Intra-Articular Injection and Infection Risk after Shoulder Surgery

Data being presented today indicate that patients who receive an intra-articular injection within the 3 months prior to undergoing elective shoulder arthroscopy or shoulder arthroplasty are at an increased risk of postoperative infection.

“This topic was interesting to my colleagues and I as shoulder surgeons, because patients often request injections to temporarily relieve pain prior to having surgery,” said Brian C. Werner, MD, presenting author. “While many surgeons often recommend a delay between injection and surgery, no convincing data exist that establish a relationship between preoperative injection and postoperative infection, nor how long the interval between injection and surgery should be.”

Conducting the study
The investigators queried a national insurance database for patients who underwent shoulder arthroscopy or shoulder arthroplasty following ipsilateral shoulder injection between 2005 and 2012. Control cohorts were created for each study group by matching patients who underwent the same procedure without a preoperative injection to the study cohorts based on age, gender, obesity, diabetes, and smoking. Three shoulder arthroscopy cohorts were created:

  • arthroscopy within 3 months of ipsilateral shoulder injection (n = 3,625)
  • arthroscopy between 3 and 12 months after ipsilateral shoulder injection (n = 7,069)
  • matched control arthroscopy without prior injection (n = 186,678)

In addition, three shoulder arthroplasty cohorts were created:

  • arthroplasty within 3 months of ipsilateral shoulder injection (n = 636)
  • arthroplasty between 3 and 12 months after ipsilateral shoulder injection (n = 1,573)
  • matched control arthroplasty without prior injection (n = 6,211)

Infection rates within 3 and 6 months postoperatively were assessed using International Classification of Diseases, Ninth Edition (ICD-9) and Current Procedural Terminology (CPT) codes.

Evaluating results

The incidence of infection after shoulder arthroscopy at 3 months (0.7 percent, odds ratio (OR) 2.2, P < 0.0001)="" and="" 6="" months="" (1.1="" percent,="" or="" 1.6,="" />P = 0.003) was significantly higher in patients who underwent injection within the 3 months prior to arthroscopy compared to matched controls. The incidence of infection after shoulder arthroplasty at 3 months (3.0 percent, OR 2.0, P = 0.007) and 6 months (4.6 percent, OR 2.0, P = 0.001) was significantly higher in patients who underwent injection within the 3 months prior to arthroplasty compared to matched controls. There was no significant difference in infection rates in patients who underwent shoulder arthroscopy or arthroplasty between 3 and 12 months after injection compared to controls.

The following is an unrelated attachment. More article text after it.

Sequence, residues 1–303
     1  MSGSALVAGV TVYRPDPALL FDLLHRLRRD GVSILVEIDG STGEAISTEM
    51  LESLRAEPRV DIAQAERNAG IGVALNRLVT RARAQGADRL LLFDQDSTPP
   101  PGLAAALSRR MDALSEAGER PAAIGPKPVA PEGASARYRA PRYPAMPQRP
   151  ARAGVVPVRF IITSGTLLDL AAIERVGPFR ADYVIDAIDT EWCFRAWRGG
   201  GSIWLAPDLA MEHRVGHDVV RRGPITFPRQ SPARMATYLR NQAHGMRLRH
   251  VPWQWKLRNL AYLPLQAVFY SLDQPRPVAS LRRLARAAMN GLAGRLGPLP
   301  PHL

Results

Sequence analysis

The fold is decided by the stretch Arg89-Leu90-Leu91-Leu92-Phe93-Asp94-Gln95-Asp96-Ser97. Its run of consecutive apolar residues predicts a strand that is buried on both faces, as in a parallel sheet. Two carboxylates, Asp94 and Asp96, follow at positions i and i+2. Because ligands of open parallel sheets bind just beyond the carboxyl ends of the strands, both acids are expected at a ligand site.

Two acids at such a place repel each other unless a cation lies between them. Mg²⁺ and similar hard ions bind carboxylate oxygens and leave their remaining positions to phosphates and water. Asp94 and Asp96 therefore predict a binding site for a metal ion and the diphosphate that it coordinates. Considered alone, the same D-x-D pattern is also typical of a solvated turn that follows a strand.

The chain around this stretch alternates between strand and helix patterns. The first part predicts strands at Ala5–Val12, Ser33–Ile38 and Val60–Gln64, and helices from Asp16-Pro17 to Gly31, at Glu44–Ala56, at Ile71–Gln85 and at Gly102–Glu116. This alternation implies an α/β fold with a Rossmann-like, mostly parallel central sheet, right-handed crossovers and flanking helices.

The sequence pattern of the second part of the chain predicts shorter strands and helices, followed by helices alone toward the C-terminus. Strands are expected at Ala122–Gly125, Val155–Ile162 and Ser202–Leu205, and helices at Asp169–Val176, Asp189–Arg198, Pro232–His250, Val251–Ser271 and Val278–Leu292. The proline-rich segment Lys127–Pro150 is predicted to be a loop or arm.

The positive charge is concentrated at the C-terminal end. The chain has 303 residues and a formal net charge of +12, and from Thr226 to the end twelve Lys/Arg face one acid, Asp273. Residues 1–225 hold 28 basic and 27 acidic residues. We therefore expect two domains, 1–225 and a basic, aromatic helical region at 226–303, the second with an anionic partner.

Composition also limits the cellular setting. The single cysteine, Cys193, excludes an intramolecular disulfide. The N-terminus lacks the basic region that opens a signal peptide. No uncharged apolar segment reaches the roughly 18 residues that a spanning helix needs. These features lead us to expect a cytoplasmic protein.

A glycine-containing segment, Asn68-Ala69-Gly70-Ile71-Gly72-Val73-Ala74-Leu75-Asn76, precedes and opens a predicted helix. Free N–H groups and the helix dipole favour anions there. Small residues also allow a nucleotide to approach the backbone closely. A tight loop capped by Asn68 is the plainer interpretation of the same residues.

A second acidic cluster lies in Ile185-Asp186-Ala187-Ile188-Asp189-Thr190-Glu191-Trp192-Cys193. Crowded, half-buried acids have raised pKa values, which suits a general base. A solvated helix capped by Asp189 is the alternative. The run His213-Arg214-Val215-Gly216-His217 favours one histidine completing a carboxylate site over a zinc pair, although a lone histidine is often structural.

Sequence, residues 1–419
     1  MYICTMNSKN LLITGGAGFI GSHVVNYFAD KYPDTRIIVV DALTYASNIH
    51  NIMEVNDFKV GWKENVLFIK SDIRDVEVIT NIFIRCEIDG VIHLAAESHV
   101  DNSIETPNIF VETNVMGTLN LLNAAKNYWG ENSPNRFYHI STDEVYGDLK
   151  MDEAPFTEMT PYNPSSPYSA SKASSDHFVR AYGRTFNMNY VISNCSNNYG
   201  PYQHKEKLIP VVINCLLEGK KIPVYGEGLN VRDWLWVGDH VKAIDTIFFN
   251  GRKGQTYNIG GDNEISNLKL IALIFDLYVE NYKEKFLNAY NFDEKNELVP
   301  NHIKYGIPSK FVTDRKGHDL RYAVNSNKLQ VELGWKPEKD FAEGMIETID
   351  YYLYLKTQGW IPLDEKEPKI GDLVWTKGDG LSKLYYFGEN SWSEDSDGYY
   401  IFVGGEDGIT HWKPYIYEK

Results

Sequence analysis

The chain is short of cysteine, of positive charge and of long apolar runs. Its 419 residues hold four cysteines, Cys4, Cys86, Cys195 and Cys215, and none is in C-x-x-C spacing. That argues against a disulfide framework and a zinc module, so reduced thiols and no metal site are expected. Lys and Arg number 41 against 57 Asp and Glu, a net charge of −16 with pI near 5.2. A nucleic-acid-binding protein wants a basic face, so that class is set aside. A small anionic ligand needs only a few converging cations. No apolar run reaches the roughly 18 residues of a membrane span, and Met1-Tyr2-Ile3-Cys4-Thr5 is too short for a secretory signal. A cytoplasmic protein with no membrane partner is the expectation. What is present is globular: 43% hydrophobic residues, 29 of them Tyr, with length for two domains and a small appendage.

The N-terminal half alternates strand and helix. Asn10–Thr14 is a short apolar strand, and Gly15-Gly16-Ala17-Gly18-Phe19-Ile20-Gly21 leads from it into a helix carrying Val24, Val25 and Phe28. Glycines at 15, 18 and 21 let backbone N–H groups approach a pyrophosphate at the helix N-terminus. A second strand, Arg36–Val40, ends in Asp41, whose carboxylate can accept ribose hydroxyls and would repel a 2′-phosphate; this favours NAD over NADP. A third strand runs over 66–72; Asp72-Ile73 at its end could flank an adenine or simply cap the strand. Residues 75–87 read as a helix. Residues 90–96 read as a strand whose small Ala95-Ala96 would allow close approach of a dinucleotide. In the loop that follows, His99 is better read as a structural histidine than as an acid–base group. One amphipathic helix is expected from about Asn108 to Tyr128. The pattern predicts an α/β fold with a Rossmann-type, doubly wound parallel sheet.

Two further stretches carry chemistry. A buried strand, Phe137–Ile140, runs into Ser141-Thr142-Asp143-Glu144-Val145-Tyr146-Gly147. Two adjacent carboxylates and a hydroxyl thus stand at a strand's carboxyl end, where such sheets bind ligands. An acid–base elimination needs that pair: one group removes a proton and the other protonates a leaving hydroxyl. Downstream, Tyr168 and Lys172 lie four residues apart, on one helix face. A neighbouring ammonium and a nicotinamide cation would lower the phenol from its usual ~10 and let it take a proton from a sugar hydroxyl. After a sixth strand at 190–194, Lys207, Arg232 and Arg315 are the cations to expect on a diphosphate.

The authors assert that, although these data demonstrate a significant increase in postoperative infection in patients who underwent ipsilateral intra-articular shoulder injection within 3 months prior to shoulder arthroscopy and arthroplasty, this association was not noted when shoulder arthroscopy or arthroplasty occurred more than 3 months after shoulder injection.

“The message of this study is intended to be very straightforward and simple: Injection within 3 months prior to shoulder arthroscopy or shoulder arthroplasty is associated with increased rates of postoperative infection in Medicare patients,” summarized Dr. Werner.

Dr. Werner’s coauthors of Paper 536, “The Timing of Elective Shoulder Surgery after Intra-Articular Injection Affects Postoperative Infection Risk” are Jourdan M. Cancienne, MD; Justin W. Griffin, MD; Matthew T. Burrus, MD; F.W. Gwathmey, MD; and senior author Stephen F. Brockmeier, MD.

Details of the authors’ disclosures as submitted to the Orthopaedic Disclosure Program can be found in the Final Program; the most current disclosure information may be accessed electronically at www.aaos.org/disclosure

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